Paul’s Vision – 2 Corinthians 12:1-10

Paul continues his boasting in 1 Cor 12, this time mentions a vision in which he was transported to the “third heaven.” We do not know when this vision occurred, and the way Paul describes it is hard to place in the book of Acts. He describes his experiences as a vision (ὀπτασία) and a revelation (ἀποκάλυψις). The first word is usually associated with a god allowing himself to be seen by a human, or allowing a human to see something usually hidden (BDAG). Although a little later than the New Testament, the Martyrdom of Polycarp used the word to describe a “trance.” Paul calls his experience on the road to Damascus a vision (Acts 26:19). The second word is Paul’s usual word to describe his revelations from God, usually in the context of salvation history or eschatology.

VisionWhen did Paul have this vision? He says it was “fourteen years ago,” which is about A.D. 40. Paul is therefore not referring to his Damascus Road experience, but an experience after his conversion but before the beginning of the first missionary trip (about A.D. 48). Paul founded the Corinthian church 50-51 on the second missionary journey.

Why does he Paul suddenly boast about a vision he had some 14 years earlier? This is part of Paul’s “humble boast” throughout this section—he has had visions (just like the opponents) but his are un-reportable and from the distant past. Unlike the opponents, he is not “making up visions” to impress his audience.

Does Paul refer to his experience in the Temple as reported in Acts 22:17-18? Luke uses a similar word to describe Paul’s vision, a “trance” (ESV, ἔκστασις). Chronologically it is possible since it is after his conversion and we do not know how many years between the conversion and that particular Temple visit. A major difference is the vision in Acts 22 includes a warning to leave Jerusalem and go to the Gentiles. (Check out Richard Fellows’ comments on the chronology of 2 Corinthians 12. Fellows says “It seems to me that 2 Cor 12:2 lends a little support to the chronology of Acts.”) It is really impossible to know when or where Paul had this vision. Paul’s only point here is his vision came in the past and it is something he is not able to relate to the church.

Paul reports the vision in the third person and does not really give any details. He does not know if he was “in the body” or not, and really does not know what happened to him when he had the vision. Again, this is a completely different report than would come from the opponents who seem to boast in great detail about their own experiences. It is as if Paul is saying, “Sure, I had one of those visions too, but I do not really consider it worth recalling now…”

Suffering As A Servant Of Christ – 2 Corinthians 11:23-33

In 2 Cor 11 Paul catalogs his suffering in this paragraph. Since this book was written while Paul was in Ephesus (Acts 19), we know he will face even greater suffering than this (two separate two-year house arrests and a shipwreck between!)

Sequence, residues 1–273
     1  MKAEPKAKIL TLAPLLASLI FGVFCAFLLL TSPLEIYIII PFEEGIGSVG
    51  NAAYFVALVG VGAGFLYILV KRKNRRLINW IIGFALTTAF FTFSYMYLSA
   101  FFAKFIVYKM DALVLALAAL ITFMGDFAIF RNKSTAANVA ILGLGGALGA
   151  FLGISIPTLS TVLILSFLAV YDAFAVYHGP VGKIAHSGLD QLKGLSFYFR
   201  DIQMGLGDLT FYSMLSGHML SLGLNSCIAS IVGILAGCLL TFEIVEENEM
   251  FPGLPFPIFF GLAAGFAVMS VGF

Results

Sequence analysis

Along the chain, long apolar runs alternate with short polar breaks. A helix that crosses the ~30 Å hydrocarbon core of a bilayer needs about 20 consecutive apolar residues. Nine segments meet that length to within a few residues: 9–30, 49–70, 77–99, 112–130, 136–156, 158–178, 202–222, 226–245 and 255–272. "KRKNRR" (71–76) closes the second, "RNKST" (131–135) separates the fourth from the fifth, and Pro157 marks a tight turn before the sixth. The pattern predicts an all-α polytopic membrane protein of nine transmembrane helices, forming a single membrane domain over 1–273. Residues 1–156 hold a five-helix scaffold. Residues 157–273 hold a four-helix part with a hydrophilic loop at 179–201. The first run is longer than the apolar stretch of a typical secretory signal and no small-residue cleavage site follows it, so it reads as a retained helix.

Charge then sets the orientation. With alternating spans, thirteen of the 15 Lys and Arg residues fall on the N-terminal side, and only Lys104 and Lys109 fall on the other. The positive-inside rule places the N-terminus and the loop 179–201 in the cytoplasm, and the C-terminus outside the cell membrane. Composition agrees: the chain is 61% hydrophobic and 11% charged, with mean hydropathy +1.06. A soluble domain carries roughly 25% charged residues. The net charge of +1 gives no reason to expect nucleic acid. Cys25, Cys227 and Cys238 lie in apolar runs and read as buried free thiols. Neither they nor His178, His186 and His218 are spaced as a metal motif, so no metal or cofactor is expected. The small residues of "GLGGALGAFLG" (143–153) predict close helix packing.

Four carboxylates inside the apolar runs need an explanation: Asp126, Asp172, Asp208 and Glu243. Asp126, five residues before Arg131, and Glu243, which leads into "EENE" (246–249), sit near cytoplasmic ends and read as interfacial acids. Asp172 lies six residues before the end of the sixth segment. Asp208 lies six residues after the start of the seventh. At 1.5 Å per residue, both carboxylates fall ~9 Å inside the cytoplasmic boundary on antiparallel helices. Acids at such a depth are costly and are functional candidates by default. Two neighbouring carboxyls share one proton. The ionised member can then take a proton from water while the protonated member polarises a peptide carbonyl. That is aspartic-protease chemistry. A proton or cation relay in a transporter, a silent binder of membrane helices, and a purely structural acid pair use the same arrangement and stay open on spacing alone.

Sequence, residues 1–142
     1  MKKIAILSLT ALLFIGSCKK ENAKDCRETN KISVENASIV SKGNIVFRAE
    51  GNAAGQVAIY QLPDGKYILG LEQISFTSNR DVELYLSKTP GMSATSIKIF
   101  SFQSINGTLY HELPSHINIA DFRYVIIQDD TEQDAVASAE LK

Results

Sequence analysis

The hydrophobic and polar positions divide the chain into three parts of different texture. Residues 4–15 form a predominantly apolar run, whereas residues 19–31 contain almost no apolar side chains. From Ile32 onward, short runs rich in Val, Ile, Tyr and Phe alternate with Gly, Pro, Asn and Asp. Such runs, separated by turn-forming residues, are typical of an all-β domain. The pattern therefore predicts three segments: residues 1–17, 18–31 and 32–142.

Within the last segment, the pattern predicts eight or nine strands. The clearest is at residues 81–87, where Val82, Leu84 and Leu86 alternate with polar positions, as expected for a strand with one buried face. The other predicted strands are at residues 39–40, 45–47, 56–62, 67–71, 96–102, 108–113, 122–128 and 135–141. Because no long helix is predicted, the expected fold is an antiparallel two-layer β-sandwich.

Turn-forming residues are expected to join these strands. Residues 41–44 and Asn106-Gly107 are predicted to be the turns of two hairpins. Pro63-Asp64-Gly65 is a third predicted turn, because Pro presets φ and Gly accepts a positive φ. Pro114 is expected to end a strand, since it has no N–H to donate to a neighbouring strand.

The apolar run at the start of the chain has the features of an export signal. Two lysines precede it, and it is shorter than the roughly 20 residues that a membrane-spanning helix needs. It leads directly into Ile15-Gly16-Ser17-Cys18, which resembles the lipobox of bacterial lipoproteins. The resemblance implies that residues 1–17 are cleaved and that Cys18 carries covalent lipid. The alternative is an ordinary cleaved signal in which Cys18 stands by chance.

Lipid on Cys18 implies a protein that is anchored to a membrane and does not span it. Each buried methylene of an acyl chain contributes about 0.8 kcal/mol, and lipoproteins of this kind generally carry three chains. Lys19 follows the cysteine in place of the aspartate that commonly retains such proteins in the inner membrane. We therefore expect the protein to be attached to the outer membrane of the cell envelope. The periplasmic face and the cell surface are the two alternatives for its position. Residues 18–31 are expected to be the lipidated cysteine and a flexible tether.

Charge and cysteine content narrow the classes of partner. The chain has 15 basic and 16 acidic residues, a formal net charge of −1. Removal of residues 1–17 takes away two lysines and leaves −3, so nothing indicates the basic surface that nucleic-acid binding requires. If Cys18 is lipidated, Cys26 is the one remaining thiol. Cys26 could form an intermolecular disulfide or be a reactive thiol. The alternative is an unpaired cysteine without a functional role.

He says he has worked harder, been in prison more, been beaten countlessly and has been near death many times. Paul uses a series of adverbs (περισσοτέρως twice, ὑπερβαλλόντως once, and πολλάκις once) to overemphasize his difficult life as a servant of Christ. These were not one-time problems he endured for a short time. This is the constant state of his life since he began his ministry!

“Five time lashed 40 less one” is a reference to Jewish punishment. The Greek says, “I received the forty less one,” which is a clear reference to a lashing. Josephus uses the phrase twice in describing the Mosaic Law (Ant. 4:238. 248). This punishment came from the Jews—it was an attempt from synagogues to bring Paul back in line with his heritage. The maximum punishment in the law was 40 lashes (Deut 25:3).

whip_flagSince the Law says more than 40 lashes is degrading to the one giving the punishment, the tradition developed by the first century to stop short of 40 (m.Makkot 3:10 simply recommends a number near forty but less than forty; 3:11 gives some instruction for beating people who are physically unable to take a full flogging). If the punisher “added even a single stripe and the victim died, lo, this one goes into exile on his account” (m.Makkoth 3:14c). In the Mishnah there is a list of offences which could result in a flogging (m.Makkoth 3:1-9). While some of these are moral offences, there are quite a few violations of the Law which can result in a flogging (Including “He who makes a baldness on his head” and tattooing one’s body (m.Makkoth 3:5-6)!

What is significant is Paul received this penalty five times!  Early in his ministry Paul may have been expelled from the synagogue for teaching that Jesus was the Messiah, and certainly if he taught God-fearing Gentiles they could be fully save without keeping the Law. This indicates he still was trying to reach out to the Jews in the synagogues early in his career, as Acts indicates he never really stopped going to the synagogues to reach the “Jew first.”

“Three times beaten with rods” is a reference to Roman punishment. The Greek (ῥαβδίζω) refers only to beating someone with rods, the Latin term fustigatio was distinct from catigatio, lashing, and verberatio, flogging with chains (BDAG). Paul received this treatment in Acts 16:22 for creating a “public disturbance” even though he was a Roman citizen.

“Once stoned and left for dead” refers to Lystra (Acts 14:19). Stoning was a typical way for a Jewish group to execute someone. In Acts 7 Paul himself participates in the stoning of Stephen and he is about to be stoned in Acts 21:30 when he is falsely accused of bringing a Gentile into the Temple courts.